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Author of new book Call Him Jack

  • Scott LaMar

Airdate: October 3, 2022

The number 42 is retired in Major League baseball. No big league ballplayer will ever wear number 42 again.

Number 42 was the number worn by Jackie Robinson – the African-American who broke the color barrier when he played for the Brooklyn Dodgers in 1947.

Robinson is in baseball’s Hall-of-Fame in part because he was one of the best players who took the field for the decade he played.

But Robinson was more than just a great athlete – yes, he was a pioneer in baseball, but he was a civil rights leader before there was an era identified as the civil rights era.

There’s a new book about Robinson – Call Him Jack – The Story of Jackie Robinson, Black Freedom Fighter written for a new generation.

One of the co-authors of the book is Michael Long who has authored and edited several books on Jack Robinson and civil rights history, who appeared on Monday’s Smart Talk.

Long said the title of the book is significant,” I wrote this book with the coauthor, Dr. U. Hoover Williams. It came from our desire to unfreeze Jack from 1947 when we see Jackie Robinson. Usually we think of Jackie Robinson on April 15th, 1947, the day he cracked a color barrier in Major League Baseball. And that’s what we usually do with our heroes. We freeze them in a moment of time. And so we freeze Rosa Parks on the bus in Montgomery. We freeze Dr. King at the March on Washington when he gave his I Have a Dream speech and we Freeze Robinson in 1947 when people are calling him Jackie by calling him Jack. We encourage our readers to look beyond that day, to look at the rough and tumble Jackie Robinson, who grew up in Pasadena. And then to look beyond the baseball diamond to the rough and tumble Jack and fight for civil rights long after baseball.”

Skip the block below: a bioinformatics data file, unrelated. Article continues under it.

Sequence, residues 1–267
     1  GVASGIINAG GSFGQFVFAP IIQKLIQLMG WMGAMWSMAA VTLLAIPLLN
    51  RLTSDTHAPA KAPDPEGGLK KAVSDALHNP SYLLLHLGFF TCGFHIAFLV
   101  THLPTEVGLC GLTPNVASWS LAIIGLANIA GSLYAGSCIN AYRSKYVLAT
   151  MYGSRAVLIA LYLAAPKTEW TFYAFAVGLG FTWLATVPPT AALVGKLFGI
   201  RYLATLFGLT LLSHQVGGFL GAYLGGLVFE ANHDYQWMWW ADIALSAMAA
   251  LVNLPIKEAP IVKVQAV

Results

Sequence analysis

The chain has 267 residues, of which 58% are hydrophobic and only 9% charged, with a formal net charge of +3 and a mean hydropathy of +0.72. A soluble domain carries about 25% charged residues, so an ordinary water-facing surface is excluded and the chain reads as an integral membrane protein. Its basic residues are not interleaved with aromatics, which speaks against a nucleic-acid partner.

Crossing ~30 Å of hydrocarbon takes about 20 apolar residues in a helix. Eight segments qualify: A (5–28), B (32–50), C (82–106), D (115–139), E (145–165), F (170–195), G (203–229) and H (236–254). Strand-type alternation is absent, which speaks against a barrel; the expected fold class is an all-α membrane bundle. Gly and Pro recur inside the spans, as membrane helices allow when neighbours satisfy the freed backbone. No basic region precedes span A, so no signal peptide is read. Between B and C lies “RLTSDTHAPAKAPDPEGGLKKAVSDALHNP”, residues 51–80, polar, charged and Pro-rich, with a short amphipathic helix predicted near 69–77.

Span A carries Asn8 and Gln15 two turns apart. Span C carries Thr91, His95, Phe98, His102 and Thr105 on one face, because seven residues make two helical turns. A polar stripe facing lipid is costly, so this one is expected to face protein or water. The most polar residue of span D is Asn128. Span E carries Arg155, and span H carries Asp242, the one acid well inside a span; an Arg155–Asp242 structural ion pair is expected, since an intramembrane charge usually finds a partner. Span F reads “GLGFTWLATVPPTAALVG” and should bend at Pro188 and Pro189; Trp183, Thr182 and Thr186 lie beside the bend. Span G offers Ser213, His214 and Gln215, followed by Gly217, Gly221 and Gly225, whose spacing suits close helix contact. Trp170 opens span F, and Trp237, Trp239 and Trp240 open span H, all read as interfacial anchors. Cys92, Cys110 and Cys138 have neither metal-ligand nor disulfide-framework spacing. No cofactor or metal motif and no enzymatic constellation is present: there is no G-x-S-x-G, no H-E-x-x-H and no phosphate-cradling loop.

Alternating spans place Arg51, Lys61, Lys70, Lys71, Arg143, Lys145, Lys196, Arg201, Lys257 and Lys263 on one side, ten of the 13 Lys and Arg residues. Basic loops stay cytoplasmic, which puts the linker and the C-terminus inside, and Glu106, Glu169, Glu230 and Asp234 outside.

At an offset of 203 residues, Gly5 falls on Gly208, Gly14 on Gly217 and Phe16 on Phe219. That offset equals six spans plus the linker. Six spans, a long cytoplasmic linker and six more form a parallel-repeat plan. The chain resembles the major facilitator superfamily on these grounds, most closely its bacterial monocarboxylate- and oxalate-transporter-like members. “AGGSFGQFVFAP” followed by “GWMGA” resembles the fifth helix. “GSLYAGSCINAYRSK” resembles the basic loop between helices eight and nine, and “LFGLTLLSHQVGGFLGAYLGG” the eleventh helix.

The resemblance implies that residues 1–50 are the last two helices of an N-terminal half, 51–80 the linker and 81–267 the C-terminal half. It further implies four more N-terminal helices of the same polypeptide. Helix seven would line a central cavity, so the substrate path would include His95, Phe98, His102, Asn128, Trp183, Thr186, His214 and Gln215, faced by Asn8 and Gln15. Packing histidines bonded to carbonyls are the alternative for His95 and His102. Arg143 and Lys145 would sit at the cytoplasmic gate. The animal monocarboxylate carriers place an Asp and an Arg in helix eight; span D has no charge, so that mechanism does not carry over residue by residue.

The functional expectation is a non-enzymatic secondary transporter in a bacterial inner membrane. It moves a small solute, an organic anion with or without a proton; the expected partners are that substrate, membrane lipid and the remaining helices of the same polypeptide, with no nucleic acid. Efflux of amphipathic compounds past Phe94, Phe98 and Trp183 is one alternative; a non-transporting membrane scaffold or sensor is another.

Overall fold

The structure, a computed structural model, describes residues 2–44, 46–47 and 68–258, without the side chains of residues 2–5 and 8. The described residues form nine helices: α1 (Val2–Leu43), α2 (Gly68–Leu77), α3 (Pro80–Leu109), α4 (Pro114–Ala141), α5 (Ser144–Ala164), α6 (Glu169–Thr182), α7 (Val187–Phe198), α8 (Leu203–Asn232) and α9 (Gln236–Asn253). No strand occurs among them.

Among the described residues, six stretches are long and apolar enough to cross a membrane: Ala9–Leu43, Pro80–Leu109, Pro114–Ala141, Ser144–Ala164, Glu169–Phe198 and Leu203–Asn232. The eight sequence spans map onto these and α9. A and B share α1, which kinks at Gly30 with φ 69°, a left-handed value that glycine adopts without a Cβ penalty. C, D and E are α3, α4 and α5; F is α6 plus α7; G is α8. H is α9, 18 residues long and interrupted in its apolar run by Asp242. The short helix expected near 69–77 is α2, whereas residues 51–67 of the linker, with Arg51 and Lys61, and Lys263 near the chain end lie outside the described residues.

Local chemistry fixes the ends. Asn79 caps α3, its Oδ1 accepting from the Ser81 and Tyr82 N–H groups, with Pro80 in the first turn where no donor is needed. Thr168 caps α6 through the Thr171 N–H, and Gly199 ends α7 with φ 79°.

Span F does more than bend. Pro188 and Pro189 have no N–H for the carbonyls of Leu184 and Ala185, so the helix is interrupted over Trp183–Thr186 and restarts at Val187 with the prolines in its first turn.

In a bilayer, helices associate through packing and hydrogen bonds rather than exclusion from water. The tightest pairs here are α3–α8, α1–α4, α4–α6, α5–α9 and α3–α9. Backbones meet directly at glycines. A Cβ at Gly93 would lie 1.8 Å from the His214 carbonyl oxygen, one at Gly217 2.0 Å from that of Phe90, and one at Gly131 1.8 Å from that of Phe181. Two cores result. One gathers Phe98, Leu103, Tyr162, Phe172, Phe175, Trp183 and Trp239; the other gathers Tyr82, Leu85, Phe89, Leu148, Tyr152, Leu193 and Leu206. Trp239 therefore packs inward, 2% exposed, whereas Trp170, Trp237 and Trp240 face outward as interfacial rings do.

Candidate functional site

Long writes that Robinson’s teammates and white sportswriters started calling him Jackie when he had been known as Jack his entire life.

In 1947, Robinson was subjected to verbal abuse, harassment and death threats and he famously didn’t retaliate under the direction of Dodgers’ General Manager Branch Rickey but Long said that wasn’t Robinson’s instinct,”His teammates in the Negro Leagues said that Jackie had a temper like a rattlesnake. I love that line. But that’s who he was. And, you know, Rickey knew that Robinson had a temper when he brought him on to the Dodgers. But he also knew that Robinson was smart enough to turn the other cheek in that first year in order to advance black membership in Major League Baseball. And he did it, but it was really difficult for him. It was not easy at all. He was not naturally nonviolent. It was not naturally peaceful. This was a guy who got in fisticuffs all the time in high school.”

Today, Robinson is known more as the barrier-busting baseball player but Long says his legacy as a civil rights pioneer was just as important to him,”In 1956, near the end of his career, the NAACP awarded him the Spingard Medal. It’s an annual award for networks of national importance are given to a person of color. And Jack won that award, and he called it the highlight of his career. Now, let’s just put this in perspective. In 1947, he cracks the color barrier, right? He wins the Rookie of the Year award. He then wins the Most Valuable Player Award. And in 1955, he helped the Dodgers win the World Series. He’s had a stellar career, but there he is in 1956, saying the highlight of his career was winning this award from the NAACP, and the NAACP enlisted him then to become active in the organization and to help it raise money and increase its membership. Assume that really willingly and he really became interested in civil rights when he noticed the bus boycott going on in Montgomery. And he really admired Dr. King’s leadership of that boycott that I think really pulled him in more than anything else. And King’s often said that Robinson was a sit in before the sit ins. He was a Freedom Rider before the Freedom Riders. And King was exactly right about that. Robinson was a pioneer in the civil rights movement, and folks like King and others stood on Robinson’s broad shoulders. And King knew that more than anybody else. And he frequently lauded Robinson exactly on that point. And King and Robinson worked together in the civil rights movement. King would often call upon Jack because he understood that Robinson was sort of like Oprah at that point in U.S. history. And Robinson could rally the troops and build morale for those who were involved in the civil rights movement.”



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